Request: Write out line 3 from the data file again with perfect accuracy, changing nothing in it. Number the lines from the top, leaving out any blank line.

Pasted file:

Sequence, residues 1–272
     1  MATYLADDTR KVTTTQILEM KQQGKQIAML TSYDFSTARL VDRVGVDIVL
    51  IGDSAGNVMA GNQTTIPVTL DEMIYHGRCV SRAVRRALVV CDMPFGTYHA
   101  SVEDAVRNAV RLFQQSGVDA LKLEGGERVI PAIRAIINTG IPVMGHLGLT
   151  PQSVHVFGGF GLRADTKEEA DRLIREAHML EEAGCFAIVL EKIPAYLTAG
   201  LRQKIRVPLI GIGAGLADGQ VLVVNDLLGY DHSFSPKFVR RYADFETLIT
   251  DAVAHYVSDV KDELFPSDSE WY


    51  IGDSAGNVMA GNQTTIPVTL DEMIYHGRCV SRAVRRALVV CDMPFGTYHA